Monthly Archives: January 2017

Cultural Diplomacy and Soft Power Show

In which the Nerds put away their penchant for kinetic energy weapons and kill ratios to talk about alternatives to war as politics by other means: soft power and cultural diplomacy.  With an expert panel they discuss the definition of the concept, its origins and what it looks like in practice, using Australia and China as two key case examples.  In the final part of the show, the Nerds talk about a new book on state succession and formation.


  • Dr Stewart Jackson, Department of Government and International Relations, University of Sydney
  • Dr Amanda Elliott, Department of Sociology and Social Policy, University of Sydney


  • Distinguished Professor Ien Ang, Institute for Culture and Society, Western Sydney University
  • Professor Jocelyn Chey, Director, Australia China Institute for Arts and Culture, Western Sydney University,
  • Dr Ryan Griffiths, Department of Government, University of Sydney

With post-show chatter and a book give away!

Podcast Special: Interview with Farah Naz

A full length interview with Farah Naz (University of Sydney), recorded at the 2016 Australian Political Studies Association conference at UNSW Australia.

The subject of the interview was his paper, titled “Digital age, extremism and radicalisation”

The abstract for the paper is:

    This paper aims to better understand the role of digital media in the age of extremism and radicalisation. Many academic scholarships suggest controlling digital media as a key weapon to control radicalization of the society, but is it possible to control digital media in the 21st century. When it becomes the right of every individual to have factual information about everything. To contribute to the existing scholarship, this study is based on primary and secondary data drawn from a variety of sources: interviews with the youth, terrorists and extremist, police and terrorist investigation officers responsible for terrorist activities, government data, newspaper and journal articles. The sample population will be small and will be taken entirely from Islamabad, Pakistan. The reason for a small sample population is due to the sensitive nature of the topic where information in the public domain is limited and also there is a limited number of individuals ready to speak about it with researcher in this field. This research paper will outline some of the key aspects of the digital media both positive and negative. It will also touch upon some of the problematic misunderstanding of the terms extremism and radicalisation in the digital age, and will draw some lessons to counter extremism and radicalisation in the digital age.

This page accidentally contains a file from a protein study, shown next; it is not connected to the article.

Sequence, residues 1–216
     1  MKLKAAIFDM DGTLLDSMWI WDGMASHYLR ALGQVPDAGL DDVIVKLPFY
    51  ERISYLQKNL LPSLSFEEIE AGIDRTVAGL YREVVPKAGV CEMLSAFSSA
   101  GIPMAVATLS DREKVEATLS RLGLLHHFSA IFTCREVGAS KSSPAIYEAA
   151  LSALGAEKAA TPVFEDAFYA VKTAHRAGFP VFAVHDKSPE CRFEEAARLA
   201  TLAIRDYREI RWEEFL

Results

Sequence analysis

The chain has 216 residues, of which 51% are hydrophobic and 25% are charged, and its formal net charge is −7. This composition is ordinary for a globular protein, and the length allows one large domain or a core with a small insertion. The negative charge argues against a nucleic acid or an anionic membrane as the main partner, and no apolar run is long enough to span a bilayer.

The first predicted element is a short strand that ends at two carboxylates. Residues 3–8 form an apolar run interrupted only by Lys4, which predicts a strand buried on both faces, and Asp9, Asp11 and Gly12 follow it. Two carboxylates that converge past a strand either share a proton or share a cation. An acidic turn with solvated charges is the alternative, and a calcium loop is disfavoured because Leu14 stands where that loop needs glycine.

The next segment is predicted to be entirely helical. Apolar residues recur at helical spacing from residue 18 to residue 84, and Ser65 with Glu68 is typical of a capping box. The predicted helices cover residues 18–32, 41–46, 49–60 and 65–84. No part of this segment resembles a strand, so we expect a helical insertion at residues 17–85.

Podcast Special: Interview with Heath Whiley

A full length interview with Heath Whiley (University of Tasmania), recorded at the 2016 Australian Political Studies Association conference at UNSW Australia.

The subject of the interview was his paper, titled “Appointing royal commissions for political gains: is it a bad thing?”

The abstract for the paper is:

    Discourse on royal commissions indicates that they are appointed for either policy advisory or inquisitive reasons. Recent trends in Australia point to a third reason for the appointment of royal commissions, namely their appointment for political advantage. This paper argues that a political advantage through a royal commission occurs through blame avoidance, the shaping of the political agenda and to gain a political edge over competing parties or interests groups. Reviews of recent royal commissions into trade union corruption, natural disasters, child sex abuse and the home insulation program illustrates a developing trend for them to be established for political gain. The act of establishing a royal commission for political advantage can quite commonly be seen as politicising its process, recommendations and conclusions. This can limit its effectiveness because a royal commission is independent from the government that establishes it. This research recognises the seriousness of each royal commission it discusses, and elaborates on both the disadvantages and advantages of their use for political gain.